There is a lot of change sweeping the drinks industry at present with unprecedented changes in drinking habits (25% of millennial’s are teetotal!) and the rise of adult soft drinks trends and NoLo Cocktails (you know…No and Low alcohol cocktails)
The current fever sweeping through London bars is the sustainability concept…cocktails that use top to tail of ingredients and re-purpose garnishes for better things.
Are sustainable cocktails a fad? Possibly....although sustainability across many industries is a hot topic.
Our first port of call was Google…and it was eye opening what we found.
For instance, a bar using one bunch of bananas per day contributes 125kg to CO2 emissions per year.
Or, the average distance a Brazilian Lime has to travel to reach the UK is 5,464 miles. The U.K. consumed 65,000 tonnes of lime in 2018. That’s a lot of air freight and emissions.
But then we read reports of intensively farmed fruit from the UK producing more greenhouse gases than imported fruits?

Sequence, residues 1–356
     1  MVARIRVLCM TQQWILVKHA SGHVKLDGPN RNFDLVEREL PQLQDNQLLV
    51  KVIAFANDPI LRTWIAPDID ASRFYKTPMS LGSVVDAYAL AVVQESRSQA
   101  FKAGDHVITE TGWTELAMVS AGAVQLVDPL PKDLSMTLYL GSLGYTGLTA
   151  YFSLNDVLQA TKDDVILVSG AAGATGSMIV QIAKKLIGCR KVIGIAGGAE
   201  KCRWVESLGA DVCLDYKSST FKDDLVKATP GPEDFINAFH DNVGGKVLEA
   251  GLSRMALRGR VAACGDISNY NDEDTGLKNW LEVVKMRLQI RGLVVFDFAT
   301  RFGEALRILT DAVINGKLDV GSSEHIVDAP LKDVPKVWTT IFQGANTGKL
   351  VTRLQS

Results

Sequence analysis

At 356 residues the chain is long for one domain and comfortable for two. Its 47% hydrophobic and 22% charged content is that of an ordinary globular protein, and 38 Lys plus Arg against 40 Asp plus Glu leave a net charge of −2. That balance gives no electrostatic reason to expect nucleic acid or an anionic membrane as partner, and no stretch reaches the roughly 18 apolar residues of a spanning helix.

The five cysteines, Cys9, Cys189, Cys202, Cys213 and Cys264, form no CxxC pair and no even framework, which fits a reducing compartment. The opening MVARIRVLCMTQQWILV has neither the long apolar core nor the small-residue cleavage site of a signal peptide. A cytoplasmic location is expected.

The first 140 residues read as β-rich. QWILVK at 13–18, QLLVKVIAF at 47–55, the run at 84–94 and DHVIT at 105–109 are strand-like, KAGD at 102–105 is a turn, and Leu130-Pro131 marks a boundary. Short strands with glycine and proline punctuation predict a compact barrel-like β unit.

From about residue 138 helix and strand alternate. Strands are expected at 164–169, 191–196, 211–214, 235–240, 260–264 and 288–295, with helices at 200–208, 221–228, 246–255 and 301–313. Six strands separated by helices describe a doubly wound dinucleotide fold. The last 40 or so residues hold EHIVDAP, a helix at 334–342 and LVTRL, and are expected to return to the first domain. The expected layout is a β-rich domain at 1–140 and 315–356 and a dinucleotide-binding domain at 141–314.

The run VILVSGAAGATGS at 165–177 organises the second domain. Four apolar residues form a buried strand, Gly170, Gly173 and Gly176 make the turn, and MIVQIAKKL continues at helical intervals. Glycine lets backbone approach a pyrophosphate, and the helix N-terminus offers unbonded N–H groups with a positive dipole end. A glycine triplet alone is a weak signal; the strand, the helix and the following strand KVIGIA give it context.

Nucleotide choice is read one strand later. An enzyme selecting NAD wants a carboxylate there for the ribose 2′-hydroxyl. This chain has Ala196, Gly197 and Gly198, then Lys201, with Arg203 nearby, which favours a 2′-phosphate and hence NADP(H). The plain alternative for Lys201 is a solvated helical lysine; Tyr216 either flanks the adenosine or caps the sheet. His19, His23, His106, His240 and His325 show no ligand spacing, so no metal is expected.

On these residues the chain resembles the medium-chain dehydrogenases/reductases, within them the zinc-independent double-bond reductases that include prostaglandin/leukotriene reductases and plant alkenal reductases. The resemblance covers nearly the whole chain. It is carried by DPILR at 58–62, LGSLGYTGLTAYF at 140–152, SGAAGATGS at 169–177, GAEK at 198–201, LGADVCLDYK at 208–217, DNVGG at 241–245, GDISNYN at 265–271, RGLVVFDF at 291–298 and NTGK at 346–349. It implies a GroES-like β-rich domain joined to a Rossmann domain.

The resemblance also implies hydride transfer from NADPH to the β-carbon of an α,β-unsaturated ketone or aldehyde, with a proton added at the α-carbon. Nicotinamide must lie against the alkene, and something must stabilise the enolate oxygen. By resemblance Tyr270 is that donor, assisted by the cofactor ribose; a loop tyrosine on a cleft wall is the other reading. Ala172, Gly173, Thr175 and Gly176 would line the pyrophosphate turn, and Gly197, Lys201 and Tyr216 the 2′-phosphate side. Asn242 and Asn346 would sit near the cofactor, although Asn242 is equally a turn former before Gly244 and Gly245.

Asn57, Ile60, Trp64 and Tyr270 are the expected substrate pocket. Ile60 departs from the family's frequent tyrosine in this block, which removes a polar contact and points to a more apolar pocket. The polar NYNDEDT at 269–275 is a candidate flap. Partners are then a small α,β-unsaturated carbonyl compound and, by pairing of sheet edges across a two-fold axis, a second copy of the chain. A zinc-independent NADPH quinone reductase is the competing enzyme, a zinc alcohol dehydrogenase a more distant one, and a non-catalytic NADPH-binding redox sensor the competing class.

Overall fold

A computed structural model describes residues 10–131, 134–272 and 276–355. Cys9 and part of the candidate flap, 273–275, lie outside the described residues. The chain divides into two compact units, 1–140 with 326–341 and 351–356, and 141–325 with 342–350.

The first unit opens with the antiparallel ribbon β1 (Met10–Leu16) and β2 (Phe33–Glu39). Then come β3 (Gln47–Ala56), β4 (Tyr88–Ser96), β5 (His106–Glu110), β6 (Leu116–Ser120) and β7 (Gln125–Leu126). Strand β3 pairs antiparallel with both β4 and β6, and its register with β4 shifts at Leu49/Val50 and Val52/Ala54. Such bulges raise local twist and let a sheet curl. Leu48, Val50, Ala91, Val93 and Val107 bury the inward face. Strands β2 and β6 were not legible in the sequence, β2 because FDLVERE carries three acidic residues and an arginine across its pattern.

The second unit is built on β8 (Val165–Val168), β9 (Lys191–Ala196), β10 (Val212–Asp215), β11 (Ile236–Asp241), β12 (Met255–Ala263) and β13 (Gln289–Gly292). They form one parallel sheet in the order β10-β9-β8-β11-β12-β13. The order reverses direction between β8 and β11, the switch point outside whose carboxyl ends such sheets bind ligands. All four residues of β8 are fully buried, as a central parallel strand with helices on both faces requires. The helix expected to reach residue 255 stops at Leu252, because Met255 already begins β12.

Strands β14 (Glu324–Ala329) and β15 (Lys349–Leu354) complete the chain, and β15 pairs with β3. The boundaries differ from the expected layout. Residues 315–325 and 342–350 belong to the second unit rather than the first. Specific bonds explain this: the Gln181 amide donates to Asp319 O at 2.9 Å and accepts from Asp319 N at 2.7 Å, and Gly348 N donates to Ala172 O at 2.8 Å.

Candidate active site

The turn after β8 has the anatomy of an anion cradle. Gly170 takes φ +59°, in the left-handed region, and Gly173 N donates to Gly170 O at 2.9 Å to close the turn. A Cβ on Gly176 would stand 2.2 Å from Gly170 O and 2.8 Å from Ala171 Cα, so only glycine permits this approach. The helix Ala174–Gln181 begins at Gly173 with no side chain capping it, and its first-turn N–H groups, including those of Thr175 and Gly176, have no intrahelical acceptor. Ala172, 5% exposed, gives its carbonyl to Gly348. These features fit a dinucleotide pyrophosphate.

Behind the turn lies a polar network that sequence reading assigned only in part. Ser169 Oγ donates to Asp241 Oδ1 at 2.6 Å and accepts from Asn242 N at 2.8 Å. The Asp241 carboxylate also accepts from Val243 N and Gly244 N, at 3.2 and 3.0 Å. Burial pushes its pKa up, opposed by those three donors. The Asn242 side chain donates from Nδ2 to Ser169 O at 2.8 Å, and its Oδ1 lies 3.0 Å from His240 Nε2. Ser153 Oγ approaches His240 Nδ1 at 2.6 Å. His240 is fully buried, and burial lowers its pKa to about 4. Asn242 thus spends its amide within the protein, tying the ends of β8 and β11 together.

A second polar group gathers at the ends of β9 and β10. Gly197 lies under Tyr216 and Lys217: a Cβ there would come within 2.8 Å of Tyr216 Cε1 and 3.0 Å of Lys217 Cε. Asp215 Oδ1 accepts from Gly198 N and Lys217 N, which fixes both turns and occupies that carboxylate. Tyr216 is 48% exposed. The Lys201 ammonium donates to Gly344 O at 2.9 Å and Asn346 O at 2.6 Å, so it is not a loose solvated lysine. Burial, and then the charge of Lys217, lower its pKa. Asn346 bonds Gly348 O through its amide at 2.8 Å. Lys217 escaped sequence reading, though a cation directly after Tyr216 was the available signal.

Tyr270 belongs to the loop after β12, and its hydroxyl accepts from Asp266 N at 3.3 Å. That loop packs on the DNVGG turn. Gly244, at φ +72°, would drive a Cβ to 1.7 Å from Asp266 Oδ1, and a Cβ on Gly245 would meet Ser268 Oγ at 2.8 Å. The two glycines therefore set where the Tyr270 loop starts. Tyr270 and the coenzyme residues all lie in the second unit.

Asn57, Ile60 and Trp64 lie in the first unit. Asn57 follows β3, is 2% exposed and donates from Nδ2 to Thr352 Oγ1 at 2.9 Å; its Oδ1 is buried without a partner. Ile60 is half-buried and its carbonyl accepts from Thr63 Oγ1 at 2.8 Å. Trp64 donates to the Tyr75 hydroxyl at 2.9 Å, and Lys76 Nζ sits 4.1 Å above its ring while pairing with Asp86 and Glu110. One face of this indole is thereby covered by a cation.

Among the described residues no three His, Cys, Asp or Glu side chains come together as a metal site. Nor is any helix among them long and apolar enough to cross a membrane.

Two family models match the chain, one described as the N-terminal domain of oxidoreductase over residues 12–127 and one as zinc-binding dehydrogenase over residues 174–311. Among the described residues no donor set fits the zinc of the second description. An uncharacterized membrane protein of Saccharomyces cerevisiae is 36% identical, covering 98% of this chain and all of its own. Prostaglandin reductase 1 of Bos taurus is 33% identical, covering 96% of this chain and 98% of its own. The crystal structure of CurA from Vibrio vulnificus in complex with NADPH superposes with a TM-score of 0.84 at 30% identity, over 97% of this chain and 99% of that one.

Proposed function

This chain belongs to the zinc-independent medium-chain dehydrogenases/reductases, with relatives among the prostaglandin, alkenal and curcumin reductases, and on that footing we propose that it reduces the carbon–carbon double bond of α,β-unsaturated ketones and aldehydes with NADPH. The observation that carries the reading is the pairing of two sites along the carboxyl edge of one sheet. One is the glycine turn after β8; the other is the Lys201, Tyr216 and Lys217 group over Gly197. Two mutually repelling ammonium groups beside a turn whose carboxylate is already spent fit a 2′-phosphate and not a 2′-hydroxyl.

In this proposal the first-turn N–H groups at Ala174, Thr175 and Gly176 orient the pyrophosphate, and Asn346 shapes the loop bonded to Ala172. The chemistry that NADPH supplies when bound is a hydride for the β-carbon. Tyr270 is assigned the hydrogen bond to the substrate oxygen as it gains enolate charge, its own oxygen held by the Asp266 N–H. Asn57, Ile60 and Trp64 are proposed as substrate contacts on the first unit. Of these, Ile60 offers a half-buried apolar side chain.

With Google you can’t win really.
What’s for sure is the UK bar and restaurant industry is wasteful - we use and waste too much water, food, plastic and energy. The average bar is an ecological nightmare.
We examine whether sustainable cocktails are another fad or are they here to stay?
So What Are Sustainable Cocktails?
First and foremost lets define what sustainability is. We feel it was defined perfectly by the Brundtland Report:
‘’Sustainable development is development that meets the needs of the present without compromising the ability of future generations to meet their own needs.’’
Sustainability is big news in the UK and although the focus has been upon things such as single use plastics and the automotive industry, sustainability does need to be present in every part of the modern world.
As we mentioned, the restaurant industry has long been associated with sustainability and using all parts of food to reduce waste and costs. If anything, it’s a surprise that the drinks industry has taken this long to catch up.
Perhaps one of the most well-known exemplars of sustainability and one of the culinary pioneers of the farm-to-table concept is Dan Barber. His sustainable approach to cooking is deeply entrenched in his and his restaurants’ identities.